But before that School For Sex sketched out those basic themes of an institution being something else behind closed »
- Gary Collinson
It’s just concluded tonight in London and so we’ve got the full list of those hard-working stars of the small screen, who excel in one of the fastest changing formats of entertainment and impressing more and more all the time, it’s the House of Fraser British Academy Television Awards 2015 winners! The ceremony was hosted by Graham Norton at the Theatre Royal, Drury Lane and was broadcast on BBC HD.
There were two awards for The Lost Honour of Christopher Jefferies, with Jason Watkins receiving his career-first BAFTA in the hotly contested Leading Actor category. In the Supporting Actress category Gemma Jones, who was last nominated in 1977, received her first ever BAFTA, for Marvellous, the feature-length biopic of Neil Baldwin. Marvellous was also successful against strong competition in the Single Drama category. Georgina Campbell won the BAFTA for Leading Actress for her harrowing portrayal of a victim of »
- Dan Bullock
Tim Burton and Helena Bonham Carter at the Academy Awards Tim Burton and Helena Bonham Carter on the Oscars' Red Carpet Tim Burton and Helena Bonham Carter sported matching hairdos upon their arrival at the 2011 Academy Awards ceremony held on Feb. 27 at the Kodak Theatre in Hollywood. Tim Burton's global blockbuster Alice in Wonderland, in which Helena Bonham Carter is one of the featured players (as the Red Queen), won Oscars for Best Costume Design and Best Art Direction. Bonham Carter was a Best Supporting Actress nominee for Tom Hooper's The King's Speech (as another queen, Elizabeth). Helena Bonham Carter: Career boosted by Oscar nomination Helena Bonham Carter's film career began in earnest in James Ivory's 1986 Best Picture Oscar nominee A Room with a View, in which she romanced Julian Sands. She kept on working without creating too much of a stir – e.g., Lady Jane, »
- D. Zhea
Do you love watching Mel Giedroyc and Sue Perkins on “The Great British Bake Off”? You might not have known that the two hosts also have their own talk show, “Mel and Sue.” The talk show can be viewed through FilmOn’S online BBC channel. The television show features Giedroyc and Perkins discussing entertainment, popular culture and, of course, the best of what home cooks have to offer. On one of the episodes, viewers can learn more about one of BBC2′s shows, “Nurse,” from two of the stars. Here’s more about this episode: “Chat show with Mel Giedroyc and Sue Perkins. Desert Island Discs’ host Kirsty Young and Paul Whitehouse and [ Read More ]
The post Mel and Sue, Available now on FilmOn.com appeared first on Shockya.com. »
BBC Two's Golf: The Masters Highlights attracted 900k (5.1%), followed by 1.63 million (8.1%) for An Island Parish: Falklands and 2.06 million (9.4%) for Gardeners' World. »
Toby Jones (Harry Potter, Captain America, The Hunger Games) is recognized for his role in Marvellous. The show received two other nominations including Single Drama and Supporting Actress for Gemma Jones.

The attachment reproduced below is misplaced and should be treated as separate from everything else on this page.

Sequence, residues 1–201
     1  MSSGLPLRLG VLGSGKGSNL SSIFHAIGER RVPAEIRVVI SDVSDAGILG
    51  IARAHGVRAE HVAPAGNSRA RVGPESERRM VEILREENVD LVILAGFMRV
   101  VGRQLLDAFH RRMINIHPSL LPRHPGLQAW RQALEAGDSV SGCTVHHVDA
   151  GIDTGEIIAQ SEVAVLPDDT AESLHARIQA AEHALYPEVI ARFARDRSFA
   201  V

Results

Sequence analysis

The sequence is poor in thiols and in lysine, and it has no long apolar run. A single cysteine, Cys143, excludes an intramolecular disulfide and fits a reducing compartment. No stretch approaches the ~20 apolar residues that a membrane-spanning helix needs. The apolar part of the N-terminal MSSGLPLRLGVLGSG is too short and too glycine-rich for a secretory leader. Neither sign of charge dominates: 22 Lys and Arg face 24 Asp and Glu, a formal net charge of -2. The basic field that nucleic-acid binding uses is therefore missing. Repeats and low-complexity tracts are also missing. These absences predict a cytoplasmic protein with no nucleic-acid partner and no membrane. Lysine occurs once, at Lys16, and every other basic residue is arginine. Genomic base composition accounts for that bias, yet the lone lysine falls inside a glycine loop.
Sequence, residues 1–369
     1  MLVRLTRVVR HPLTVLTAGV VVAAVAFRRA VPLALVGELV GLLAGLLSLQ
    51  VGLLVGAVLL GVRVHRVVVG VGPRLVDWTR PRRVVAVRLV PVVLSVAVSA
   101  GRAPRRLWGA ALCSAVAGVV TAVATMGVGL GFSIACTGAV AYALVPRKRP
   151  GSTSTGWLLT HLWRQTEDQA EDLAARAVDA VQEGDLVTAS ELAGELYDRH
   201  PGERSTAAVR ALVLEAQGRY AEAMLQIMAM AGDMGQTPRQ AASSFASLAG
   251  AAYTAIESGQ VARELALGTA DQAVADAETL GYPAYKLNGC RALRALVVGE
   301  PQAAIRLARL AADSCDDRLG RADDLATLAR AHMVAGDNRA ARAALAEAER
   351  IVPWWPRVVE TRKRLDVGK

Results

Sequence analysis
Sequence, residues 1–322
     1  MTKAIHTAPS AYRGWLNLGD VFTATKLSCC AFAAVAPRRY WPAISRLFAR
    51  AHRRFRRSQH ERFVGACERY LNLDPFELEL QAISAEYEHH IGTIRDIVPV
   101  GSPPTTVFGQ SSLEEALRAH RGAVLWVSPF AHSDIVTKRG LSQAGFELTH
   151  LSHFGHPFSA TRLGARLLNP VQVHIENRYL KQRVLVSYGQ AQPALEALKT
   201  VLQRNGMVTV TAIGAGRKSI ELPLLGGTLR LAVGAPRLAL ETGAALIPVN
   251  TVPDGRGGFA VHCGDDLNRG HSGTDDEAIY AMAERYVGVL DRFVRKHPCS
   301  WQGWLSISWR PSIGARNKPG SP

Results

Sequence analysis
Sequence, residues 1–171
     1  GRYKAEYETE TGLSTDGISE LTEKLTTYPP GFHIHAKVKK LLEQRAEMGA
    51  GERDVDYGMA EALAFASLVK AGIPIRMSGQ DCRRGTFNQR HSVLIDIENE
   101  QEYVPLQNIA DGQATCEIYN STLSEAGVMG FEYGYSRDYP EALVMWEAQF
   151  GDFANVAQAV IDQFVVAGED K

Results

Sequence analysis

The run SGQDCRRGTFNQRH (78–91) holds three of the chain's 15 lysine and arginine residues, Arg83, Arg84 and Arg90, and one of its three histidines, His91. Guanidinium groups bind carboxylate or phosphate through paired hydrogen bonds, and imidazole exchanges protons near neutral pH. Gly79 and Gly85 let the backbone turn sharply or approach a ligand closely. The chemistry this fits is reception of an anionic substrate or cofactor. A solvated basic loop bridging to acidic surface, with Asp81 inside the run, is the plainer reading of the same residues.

- firstname.lastname@example.org (Monica Mendoza)
The nominations for 2015’s House Of Fraser British Academy Television Awards have been announced this morning, seeing Olivia Colman and Benedict Cumberbatch among the nominees and Happy Valley, Marvellous, The Missing and Line Of Duty all receiving three nominations each.
Following a ‘Leading Actress’ triumph for her role in Broadchurch last year, Colman has received a ‘Female Performance in a Comedy Programme’ nomination for BBC Two sitcom Rev - an impressive fifth nomination in four consecutive years.
Meanwhile, Coleman’s co-star Tom Hollander has also been nominated for his role in Rev (‘Male Performance in a Comedy Programme’), seeing the pair compete with W1A’s Jessica Hynes and Hugh Bonneville respectively, another show in which Coleman has appeared.
- Mike McCarthy
The Flash: Sky1, 8pm
Barry Allen (Grant Gustin) must retrace his own footsteps after being transported back in time, as the Us superhero series continues.
Embarking on an affair with estate agent Niall (Edward MacLiam), Kathy is soon faced with a difficult moral conundrum.
Critical: Sky1, 9pm
If you have a strong stomach, Sky1's adrenaline-fuelled medical drama Critical is recommended viewing.
Paul Whitehouse's thoughtful comedy - »
To call this political discussion show one of the most worthwhile programmes ever to air on BBC3 is damning it with faint praise, so it should also be noted that it has achieved levels of clarity and insight that Question Time rarely seems to manage these days. This final instalment will see sharp and switched-on referee Rick Edwards field questions from the mainly student-age audience, and put them to representatives from Ukip and the Liberal Democrats. Rachel Aroesti
Continue reading »
- Rachel Aroesti, Ben Arnold, Jonathan Wright, Ali Catterall, Graeme Virtue, Andrew Mueller